Patients with proximal 5 to 9 mm hyperplastic polyps (HPs) are at significantly elevated risk for metachronous large serrated polyps (SPs), according to study data published in Gastrointestinal Endoscopy. While prior studies have described elevated SP risk in patients with large HPs (≥1 cm), sessile serrated polyps (SSPs), and traditional serrated adenomas (TSAs), this study represents the first effort to quantify risk among patients with smaller HPs.

Researchers enrolled patients in the New Hampshire Colonoscopy Registry who had undergone colonoscopies between 2005 and 2018. Patients with at least 1 SP or conventional adenoma detected at index examination as well as a surveillance examination performed at least 12 months after index were eligible for inclusion. The primary outcomes were absolute and adjusted risk for metachronous large (≥1 cm) SPs and advanced adenomas at surveillance examination, estimated with logistic regression. Advanced adenomas were defined as adenomas ≥1 cm or adenomas with villous elements, high-grade dysplasia, or colorectal cancer (CRC). Individuals were hierarchically stratified by the most significant SP finding at index colonoscopy: (1) large (≥1 cm) HPs or any SSP or TSA; (2) 5-9 mm proximal HPs; (3) nonsignificant HPs (<1 cm in rectosigmoid or <5 mm if proximal to sigmoid); (4) high-risk adenomas (advanced adenomas or ≥3 tubular adenomas of any size) with no SPs; and (5) low-risk adenomas with no SPs. Multivariable logistic regression models were stratified by index findings and adjusted for age, gender, body mass index, history of colorectal polyps before index examination, family history of CRC, and smoking history.

The final cohort comprised 8560 patients of mean age 59.0 ± 9.1 years, of whom 44.8% were women. Mean time to follow-up examination was 53.8 ± 24.5 months. Overall, 376 patients had 5-9 mm HPs proximal to the sigmoid at index examination. Compared with patients with low-risk adenomas, the greatest adjusted risk for metachronous large SPs was observed in patients with large HPs or any SSP or TSA at index examination (OR< 7.63; 95% CI, 4.78-12.20). Of patients with 5-9 mm HPs, risk for metachronous large SPs was also elevated (OR, 4.77; 95% CI, 2.54-8.94). When patients with synchronous adenomas were excluded from analyses, risk for metachronous large SP remained elevated in the 5-9 mm HPs group (OR, 2.92; 95% CI, 1.99-4.29). In initial models, risk for advanced adenomas was increased in patients with 5-9 mm HPs (OR, 1.83; 95% CI, 1.19-2.81) compared with patients with high-risk adenomas. However, when patients with synchronous adenomas were excluded, 5-9 mm proximal HPs no longer predicted increased advanced adenoma risk (OR, 1.50; 95% CI, 0.74-3.04). The number of proximal HPs 5-9 mm at index examination did not appear to influence the risk for metachronous large SPs (P =1.0) or advanced adenomas (P =.46).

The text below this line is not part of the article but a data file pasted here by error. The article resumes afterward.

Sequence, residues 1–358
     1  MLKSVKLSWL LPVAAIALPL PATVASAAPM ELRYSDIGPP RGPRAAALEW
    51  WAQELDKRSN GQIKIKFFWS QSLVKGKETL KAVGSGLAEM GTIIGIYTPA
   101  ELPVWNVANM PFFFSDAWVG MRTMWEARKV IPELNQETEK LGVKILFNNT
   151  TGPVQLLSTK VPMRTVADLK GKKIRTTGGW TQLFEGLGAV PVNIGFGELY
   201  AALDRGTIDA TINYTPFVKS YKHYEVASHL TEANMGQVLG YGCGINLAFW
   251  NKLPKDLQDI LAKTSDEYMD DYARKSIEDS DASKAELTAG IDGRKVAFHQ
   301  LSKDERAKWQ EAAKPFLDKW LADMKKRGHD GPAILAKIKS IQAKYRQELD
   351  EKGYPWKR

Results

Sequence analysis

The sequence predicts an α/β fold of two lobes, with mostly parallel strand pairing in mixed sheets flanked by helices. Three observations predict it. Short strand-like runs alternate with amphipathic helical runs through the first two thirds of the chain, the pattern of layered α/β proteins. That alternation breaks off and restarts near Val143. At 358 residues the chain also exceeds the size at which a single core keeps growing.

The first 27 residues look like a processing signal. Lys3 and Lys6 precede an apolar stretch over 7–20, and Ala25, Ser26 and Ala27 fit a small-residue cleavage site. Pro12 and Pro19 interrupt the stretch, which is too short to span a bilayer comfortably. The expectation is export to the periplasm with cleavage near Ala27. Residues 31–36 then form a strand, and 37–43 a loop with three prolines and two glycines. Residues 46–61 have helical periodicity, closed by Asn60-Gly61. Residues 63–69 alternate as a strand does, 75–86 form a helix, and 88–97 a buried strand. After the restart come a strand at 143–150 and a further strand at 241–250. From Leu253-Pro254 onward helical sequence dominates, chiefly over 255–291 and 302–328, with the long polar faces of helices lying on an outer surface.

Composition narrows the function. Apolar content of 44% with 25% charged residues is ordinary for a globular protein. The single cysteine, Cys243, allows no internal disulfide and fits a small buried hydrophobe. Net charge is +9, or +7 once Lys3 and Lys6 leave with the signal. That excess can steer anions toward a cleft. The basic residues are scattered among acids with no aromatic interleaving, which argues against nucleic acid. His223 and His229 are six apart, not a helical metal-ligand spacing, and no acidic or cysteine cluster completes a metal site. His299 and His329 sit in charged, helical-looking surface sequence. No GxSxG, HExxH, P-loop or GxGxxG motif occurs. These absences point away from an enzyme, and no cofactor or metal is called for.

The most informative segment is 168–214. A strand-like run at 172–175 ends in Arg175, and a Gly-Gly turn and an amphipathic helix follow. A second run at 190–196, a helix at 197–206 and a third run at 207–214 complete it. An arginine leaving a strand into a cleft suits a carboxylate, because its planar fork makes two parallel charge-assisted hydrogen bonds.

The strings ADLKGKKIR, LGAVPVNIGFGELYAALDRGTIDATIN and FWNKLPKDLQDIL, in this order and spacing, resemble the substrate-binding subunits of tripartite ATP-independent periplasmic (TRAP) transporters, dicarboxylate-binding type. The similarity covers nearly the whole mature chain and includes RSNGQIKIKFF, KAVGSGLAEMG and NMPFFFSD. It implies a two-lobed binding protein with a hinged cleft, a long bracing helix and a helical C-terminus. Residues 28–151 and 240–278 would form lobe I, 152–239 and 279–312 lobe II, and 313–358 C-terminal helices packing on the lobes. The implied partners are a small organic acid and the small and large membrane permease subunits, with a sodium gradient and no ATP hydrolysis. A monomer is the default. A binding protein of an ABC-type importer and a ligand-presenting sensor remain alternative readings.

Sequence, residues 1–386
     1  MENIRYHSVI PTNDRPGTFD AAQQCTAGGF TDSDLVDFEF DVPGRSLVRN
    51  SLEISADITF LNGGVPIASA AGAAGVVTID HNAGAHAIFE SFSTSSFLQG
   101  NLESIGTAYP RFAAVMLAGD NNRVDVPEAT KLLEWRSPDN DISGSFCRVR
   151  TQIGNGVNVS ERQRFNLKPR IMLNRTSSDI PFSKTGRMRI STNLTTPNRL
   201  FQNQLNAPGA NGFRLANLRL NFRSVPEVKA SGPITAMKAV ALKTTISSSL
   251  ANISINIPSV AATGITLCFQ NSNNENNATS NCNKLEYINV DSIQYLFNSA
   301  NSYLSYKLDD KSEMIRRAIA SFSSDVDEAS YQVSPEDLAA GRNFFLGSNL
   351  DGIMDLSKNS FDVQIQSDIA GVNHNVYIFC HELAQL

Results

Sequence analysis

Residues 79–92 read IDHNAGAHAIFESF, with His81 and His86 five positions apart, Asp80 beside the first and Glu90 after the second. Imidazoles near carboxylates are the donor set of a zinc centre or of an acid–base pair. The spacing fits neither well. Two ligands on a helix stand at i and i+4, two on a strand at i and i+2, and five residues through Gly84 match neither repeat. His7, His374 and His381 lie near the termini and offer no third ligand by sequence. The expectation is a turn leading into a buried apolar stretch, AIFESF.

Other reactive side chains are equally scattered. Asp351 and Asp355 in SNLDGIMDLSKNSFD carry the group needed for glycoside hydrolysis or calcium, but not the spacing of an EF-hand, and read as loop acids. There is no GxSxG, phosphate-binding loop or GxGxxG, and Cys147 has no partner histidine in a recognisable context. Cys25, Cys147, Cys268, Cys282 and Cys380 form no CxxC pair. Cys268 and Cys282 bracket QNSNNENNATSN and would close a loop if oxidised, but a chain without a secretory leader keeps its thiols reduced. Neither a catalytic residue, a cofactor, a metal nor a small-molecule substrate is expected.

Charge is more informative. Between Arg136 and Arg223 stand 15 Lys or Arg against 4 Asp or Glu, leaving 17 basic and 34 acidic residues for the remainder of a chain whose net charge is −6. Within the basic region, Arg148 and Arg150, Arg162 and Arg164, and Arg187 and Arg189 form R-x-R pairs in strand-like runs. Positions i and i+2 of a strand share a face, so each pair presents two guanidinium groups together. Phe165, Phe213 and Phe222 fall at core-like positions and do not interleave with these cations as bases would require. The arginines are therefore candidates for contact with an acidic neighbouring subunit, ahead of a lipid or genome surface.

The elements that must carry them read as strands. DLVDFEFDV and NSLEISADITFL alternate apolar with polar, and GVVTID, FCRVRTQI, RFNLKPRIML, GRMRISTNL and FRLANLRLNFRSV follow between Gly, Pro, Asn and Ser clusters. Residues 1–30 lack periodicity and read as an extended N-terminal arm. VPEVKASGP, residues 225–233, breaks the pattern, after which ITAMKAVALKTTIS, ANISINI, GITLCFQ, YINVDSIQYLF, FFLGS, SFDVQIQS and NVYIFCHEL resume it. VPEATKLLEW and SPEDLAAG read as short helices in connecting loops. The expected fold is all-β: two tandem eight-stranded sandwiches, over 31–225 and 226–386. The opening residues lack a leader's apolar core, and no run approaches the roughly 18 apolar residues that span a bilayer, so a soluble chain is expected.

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According these data, patients with 5-9 mm HPs proximal to the sigmoid were at greater risk for metachronous large SPs than patients with conventional adenomas and no SPs. This trend persisted after individuals with index SPs who had synchronous adenomas were excluded. These results suggest that patients with proximal 5-9mm HPs may benefit from shorter surveillance intervals than patients with nonsignificant HPs. The researchers note that further study is needed to clarify the optimal follow-up interval for patients in this risk group. Additionally, given the racial and ethnic homogeneity of the population enrolled in the New Hampshire Colonoscopy Registry, results may not be generalizable to the larger population.

Reference

Anderson JC, Robinson CM, Butterly LF. Increased risk of metachronous large serrated polyps in individuals with 5 to 9 mm proximal hyperplastic polyps: data from the New Hampshire Colonoscopy Registry [published online April 26, 2020]. Gastrointest Endosc. doi: 10.1016/j.gie.2020.04.034